To make Delacroix leave his cell for the guards to rehearse his execution, Brutal takes Delacroix and Mr. Jingles to perform their tricks in front of a group of prison staff. Delighted at the idea of showing off his mouse’s feats, Delacroix believes himself to be in charge of a circus. After he leaves, excited at the prospect of the show, Paul gets the guards ready for rehearsal. When Toot-Toot, as usual, begins to narrate everything he is doing, saying “I’m sittin down, I’m sittin down, I’m sittin down,” Paul feels for a second that what they do in this prison is, more than Mr. Jingles’s tricks, a real circus.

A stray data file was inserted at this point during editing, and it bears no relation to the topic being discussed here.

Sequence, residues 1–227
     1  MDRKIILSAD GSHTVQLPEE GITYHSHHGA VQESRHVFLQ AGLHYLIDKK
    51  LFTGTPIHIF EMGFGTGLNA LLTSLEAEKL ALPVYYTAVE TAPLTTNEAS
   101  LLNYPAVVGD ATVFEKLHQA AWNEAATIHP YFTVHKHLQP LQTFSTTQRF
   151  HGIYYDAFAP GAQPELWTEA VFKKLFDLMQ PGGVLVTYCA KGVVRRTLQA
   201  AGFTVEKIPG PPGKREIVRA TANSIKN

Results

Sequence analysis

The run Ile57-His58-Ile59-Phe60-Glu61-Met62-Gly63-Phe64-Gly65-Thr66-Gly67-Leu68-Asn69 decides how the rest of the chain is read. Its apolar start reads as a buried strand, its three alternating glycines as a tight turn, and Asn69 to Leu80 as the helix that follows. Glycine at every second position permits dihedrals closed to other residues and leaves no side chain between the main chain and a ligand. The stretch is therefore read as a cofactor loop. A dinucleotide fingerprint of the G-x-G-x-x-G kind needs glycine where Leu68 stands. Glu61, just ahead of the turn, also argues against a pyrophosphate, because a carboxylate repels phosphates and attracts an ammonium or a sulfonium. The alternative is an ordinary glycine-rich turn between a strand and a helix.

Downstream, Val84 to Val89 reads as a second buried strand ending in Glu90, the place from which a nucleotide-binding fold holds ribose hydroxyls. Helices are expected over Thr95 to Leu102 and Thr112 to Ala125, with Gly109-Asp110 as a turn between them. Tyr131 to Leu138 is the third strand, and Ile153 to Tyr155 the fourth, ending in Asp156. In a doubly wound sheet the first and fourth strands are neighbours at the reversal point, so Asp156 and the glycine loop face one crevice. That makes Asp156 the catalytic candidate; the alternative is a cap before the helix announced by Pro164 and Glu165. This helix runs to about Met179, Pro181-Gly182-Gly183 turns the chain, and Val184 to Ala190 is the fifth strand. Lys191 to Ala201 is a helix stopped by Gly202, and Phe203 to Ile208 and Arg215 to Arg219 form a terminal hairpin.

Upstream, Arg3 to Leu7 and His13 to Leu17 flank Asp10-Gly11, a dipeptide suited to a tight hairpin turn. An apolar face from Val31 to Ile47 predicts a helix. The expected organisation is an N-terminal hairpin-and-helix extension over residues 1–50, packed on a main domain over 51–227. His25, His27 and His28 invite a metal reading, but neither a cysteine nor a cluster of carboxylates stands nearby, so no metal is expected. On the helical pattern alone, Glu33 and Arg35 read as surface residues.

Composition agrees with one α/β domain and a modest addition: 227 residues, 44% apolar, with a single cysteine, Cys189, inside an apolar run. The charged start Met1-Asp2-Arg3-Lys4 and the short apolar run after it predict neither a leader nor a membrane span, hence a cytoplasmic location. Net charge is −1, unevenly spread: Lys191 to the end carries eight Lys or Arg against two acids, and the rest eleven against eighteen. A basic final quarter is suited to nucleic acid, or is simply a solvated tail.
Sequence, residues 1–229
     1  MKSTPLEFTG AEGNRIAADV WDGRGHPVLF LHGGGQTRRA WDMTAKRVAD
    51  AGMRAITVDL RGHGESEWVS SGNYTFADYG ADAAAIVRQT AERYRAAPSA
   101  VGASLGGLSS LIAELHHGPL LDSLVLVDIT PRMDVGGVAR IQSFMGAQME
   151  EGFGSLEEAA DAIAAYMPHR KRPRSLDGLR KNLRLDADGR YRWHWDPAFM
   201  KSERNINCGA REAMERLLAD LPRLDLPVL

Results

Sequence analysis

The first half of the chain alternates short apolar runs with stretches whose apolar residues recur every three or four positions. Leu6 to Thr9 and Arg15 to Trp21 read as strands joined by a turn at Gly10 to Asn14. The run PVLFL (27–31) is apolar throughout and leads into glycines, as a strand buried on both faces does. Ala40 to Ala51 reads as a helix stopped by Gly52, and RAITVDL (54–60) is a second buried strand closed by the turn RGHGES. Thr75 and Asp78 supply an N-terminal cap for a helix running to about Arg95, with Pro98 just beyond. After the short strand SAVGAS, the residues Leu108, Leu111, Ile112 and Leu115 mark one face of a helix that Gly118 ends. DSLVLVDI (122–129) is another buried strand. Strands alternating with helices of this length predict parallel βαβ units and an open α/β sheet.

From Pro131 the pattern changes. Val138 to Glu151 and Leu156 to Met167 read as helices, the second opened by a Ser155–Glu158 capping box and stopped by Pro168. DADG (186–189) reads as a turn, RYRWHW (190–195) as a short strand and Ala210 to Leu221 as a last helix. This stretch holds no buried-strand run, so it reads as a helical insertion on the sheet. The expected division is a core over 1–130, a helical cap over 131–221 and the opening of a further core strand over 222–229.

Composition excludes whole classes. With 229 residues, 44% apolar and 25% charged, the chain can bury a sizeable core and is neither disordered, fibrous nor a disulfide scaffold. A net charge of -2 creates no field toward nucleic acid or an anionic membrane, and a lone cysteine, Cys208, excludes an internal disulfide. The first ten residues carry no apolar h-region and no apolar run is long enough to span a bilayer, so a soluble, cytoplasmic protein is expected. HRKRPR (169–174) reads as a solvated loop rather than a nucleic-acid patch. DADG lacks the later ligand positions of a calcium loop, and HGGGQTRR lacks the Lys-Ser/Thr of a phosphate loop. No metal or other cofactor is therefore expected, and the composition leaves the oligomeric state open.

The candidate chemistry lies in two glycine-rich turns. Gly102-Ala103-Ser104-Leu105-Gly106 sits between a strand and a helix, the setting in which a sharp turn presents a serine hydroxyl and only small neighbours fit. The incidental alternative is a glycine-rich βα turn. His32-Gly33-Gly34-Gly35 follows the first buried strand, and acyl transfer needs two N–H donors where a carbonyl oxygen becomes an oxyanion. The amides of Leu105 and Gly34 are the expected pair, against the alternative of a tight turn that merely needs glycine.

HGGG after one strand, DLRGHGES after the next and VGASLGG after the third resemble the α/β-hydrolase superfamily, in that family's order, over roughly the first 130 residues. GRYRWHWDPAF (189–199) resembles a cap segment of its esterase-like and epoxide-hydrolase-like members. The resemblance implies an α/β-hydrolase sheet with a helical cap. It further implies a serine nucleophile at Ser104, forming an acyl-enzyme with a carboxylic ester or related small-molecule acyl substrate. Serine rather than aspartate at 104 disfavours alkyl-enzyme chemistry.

Delacroix’s excitement at being in charge of a circus contrasts ironically with the true reason he is made to do this: to distract from the fact that the guards are preparing for his execution. Paul’s feeling that he himself is involved in a circus act signals his frustration with having to kill yet another prisoner—a sobering act that Toot-Toot does not take seriously. Paul’s discomfort suggests that he has deep reservations about the very action he is getting ready to perform.